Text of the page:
If the property I rent is going into foreclosure, do I still need to pay?

UPDATED: Feb 22, 2012

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If the property I rent is going into foreclosure, do I still need to pay?

I am a tenant in a multi-unit home. My neighbor found a foreclosure letter on his door and shortly after I received an e-mail saying that the home is going into foreclosure. I rent through a property management company. They said I should get out within the next 60 days or so. My lease was not to be up for another 3 months. Am I to continue paying rent to the property management company?

Asked on February 22, 2012 under Real Estate Law, Michigan


SJZ, Member, New York Bar / FreeAdvice Contributing Attorney

Answered 10 years ago | Contributor

1) Until the home is actually foreclosed on, the current  owner is still your landlord and you  should still pay rent as you have been. Only once the foreclosure occurs and the owner's ownership is cut off, will you not have to pay rent. Once the foreclosure is finalized, then you would not pay (unless you work out a new arrangement with the new owner, such as the bank).

2) I believe that  laws passed in 2008 or 2009, during the financial crises and real estate bubble collapse, give a residental renter in a foreclosed home at least 90 days (if he or she wants it) after the foreclosure to vacate; and under some circumstances, the renter can get more time, through to the end of his or her lease--though in your case, that seems to be the same as getting 90 days.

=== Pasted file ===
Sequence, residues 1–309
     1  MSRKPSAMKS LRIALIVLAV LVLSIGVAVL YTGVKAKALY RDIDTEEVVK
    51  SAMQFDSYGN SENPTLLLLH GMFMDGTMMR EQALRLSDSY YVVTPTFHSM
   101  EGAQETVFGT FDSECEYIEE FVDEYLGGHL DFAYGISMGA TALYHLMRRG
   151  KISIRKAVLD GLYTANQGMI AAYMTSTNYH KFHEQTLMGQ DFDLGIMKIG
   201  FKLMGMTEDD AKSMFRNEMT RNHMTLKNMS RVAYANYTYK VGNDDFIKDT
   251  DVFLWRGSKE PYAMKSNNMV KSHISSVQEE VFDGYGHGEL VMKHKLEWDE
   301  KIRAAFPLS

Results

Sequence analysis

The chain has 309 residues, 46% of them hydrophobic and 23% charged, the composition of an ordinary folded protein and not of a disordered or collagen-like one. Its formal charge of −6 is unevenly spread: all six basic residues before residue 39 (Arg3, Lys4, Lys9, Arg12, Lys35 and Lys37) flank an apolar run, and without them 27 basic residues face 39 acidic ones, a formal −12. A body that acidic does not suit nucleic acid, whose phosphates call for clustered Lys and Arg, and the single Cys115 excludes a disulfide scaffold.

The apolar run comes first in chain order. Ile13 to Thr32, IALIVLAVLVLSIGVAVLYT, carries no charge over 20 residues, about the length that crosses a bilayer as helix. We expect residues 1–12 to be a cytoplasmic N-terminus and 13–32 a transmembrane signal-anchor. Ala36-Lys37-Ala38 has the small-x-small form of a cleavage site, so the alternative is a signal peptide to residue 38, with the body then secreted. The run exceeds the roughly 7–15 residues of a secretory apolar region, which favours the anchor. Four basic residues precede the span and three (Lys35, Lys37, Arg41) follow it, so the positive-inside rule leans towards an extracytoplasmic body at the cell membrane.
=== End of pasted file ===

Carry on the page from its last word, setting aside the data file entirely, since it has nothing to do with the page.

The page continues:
IMPORTANT NOTICE: The Answer(s) provided above are for general information only. The attorney providing the answer was not serving as the attorney for the person submitting the question or in any attorney-client relationship with such person. Laws may vary from state to state, and sometimes change. Tiny variations in the facts, or a fact not set forth in a question, often can change a legal outcome or an attorney's conclusion. Although AttorneyPages.com has verified the attorney was admitted to practice law in at least one jurisdiction, he or she may not be authorized to practice law in the jurisdiction referred to in the question, nor is he or she necessarily experienced in the area of the law involved. Unlike the information in the Answer(s) above, upon which you should NOT rely, for personal advice you can rely upon we suggest you retain an attorney to represent you.

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